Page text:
While it is undeniable that children bring us inexpressible joy, it is also undeniable that the love we have for them leaves us helpless, vulnerable, and at God’s mercy. If I went into parenting because of what it would do for me, when tragedy struck, I would be gravely disappointed, disillusioned, and angry at God!

It is paramount, as I walk through this process of losing Grant, that I understand that the primary reason God blessed me with my children was to bring glory to Him and further His kingdom, not mine. They were never meant to be for my glory or to help me build a happy kingdom of my own making, here on earth.  They were never actually mine, they have always been on loan to us.

In order to make it through the other side of this grief journey, while keeping my relationship with God in tack, I believe I must distinguish between the two; God’s glory and purposes and my happiness and selfish ambitions.  It is the only thing that will get me through the daily grind and the weariness that comes with the longing, the missing.  If I anticipate my children will always bring happiness, when that doesn’t happen, it will derail me, and weaken my faith and trust in the Lord.  If I expect that there will always be peace and tranquility in the relationships I have with my kids, void of devastating heartache, if heartache happens, I will be bitter at God.

Conversely, if my focus in my role as a mother, is glorifying my Heavenly Father and furthering His kingdom purposes, I can remain steadfast even through the darkest most painful valley I could imagine.  If I can remember that Grant was given to us for a season, for Kingdom purposes, and not my own purposes, it can help me to trust God even though I will never understand, this side of Heaven. As I strive to look to God and put Him at the center of my life through this, rather than looking for happiness, comfort, and ease, a different outcome, a different life, a different ending, I can trust He is working through each and every situation, even this. Grieving with hope…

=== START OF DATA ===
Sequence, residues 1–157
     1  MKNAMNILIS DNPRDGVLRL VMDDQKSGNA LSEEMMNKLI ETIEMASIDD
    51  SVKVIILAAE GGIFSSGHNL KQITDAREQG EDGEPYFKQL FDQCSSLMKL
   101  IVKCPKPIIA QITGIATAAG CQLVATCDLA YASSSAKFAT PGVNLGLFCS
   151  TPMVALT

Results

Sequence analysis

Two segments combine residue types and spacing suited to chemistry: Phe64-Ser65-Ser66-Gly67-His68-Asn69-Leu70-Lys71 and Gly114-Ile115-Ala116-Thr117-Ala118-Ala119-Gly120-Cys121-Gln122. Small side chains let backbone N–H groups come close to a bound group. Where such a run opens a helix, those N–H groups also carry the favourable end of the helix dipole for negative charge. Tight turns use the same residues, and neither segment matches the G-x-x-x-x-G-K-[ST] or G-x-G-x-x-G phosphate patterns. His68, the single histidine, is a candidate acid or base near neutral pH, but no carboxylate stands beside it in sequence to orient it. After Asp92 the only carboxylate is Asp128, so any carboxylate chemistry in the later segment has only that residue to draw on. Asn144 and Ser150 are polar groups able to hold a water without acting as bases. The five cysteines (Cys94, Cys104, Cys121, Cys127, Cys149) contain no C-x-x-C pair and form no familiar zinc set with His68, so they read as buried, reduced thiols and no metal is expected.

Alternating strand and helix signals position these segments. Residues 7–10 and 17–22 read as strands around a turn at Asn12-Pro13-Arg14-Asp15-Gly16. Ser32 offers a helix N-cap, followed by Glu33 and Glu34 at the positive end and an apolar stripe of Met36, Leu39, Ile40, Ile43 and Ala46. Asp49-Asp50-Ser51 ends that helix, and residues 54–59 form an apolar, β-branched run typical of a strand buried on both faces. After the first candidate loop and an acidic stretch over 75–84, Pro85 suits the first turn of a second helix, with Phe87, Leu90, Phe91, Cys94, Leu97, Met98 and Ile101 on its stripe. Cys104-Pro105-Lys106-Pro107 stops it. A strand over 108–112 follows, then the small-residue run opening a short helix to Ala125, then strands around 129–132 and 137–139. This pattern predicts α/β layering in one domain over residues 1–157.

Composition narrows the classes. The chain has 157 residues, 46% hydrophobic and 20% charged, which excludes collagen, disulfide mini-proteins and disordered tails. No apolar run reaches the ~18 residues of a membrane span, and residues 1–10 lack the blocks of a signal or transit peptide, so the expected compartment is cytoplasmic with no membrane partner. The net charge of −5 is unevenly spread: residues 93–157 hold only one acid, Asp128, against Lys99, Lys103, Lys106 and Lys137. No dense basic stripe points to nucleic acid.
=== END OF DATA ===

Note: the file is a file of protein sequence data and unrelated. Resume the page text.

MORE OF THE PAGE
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now what

When we lost Grant, I longed for the day that I would feel normal again, like myself. The pain was so consuming, I didn’t even know who I was. It felt like I was using someone else’s body.  I didn’t think the same, feel the same, respond the same, the way I used to. Nothing felt the same, normal, and I ached for things to go back to the way they were!

I used to wonder, “Maybe after the first year, maybe then I will feel like the old Alisa, more like myself.” But I am learning, that Alisa, the one I longed for,  died with Grant.  I will never be her again.  There is now a different person in her place, I am forever changed.

Because of the love Glenn and I had for each other, we conceived a child together. I birthed him from my body. He was a part of me. A part of me is no longer here. How can I be the same? For us as a couple, as a family, there were 6 of us; now there are 5. Our child was tragically killed. The trauma of that event, and now being forced to live the rest of our lives without him here,  how could we ever be the same? Trauma changes you. I can’t ever go back to who I was.  Others get over it, they move on. We won’t. We can’t. It’s impossible.

When I realized that I would never be the same, that losing Grant would mark me in a way that I would always walk with a limp, I was terrified.  It’s a scary thing reinventing yourself at age 53.  Especially when you don’t know who you are becoming, who you will be, what the new you will be like???

The new Alisa is forced to make a place for the ache behind the smile. Always there, ever present, where it now resides. The new me, with that ever present ache, ache that never leaves. I must learn to live with and around it.  It marks me, as a scar would, and has become a part of the new me.  It is a part of my story. The new me is learning to live with it and around it.  Even though I don’t want to, and I still fight it with all of my might at times, trying to resist.

But there is good news. The new me relishes every moment, every twinkle of the eye, every soft smile.  The little things are so obvious now, and I don’t miss them as I used to.  Even the tiniest, seemingly insignificant things, become important.  The new me, loves more deeply, because I appreciate every look, every touch, every phone call, every conversation in a way the old Alisa never could.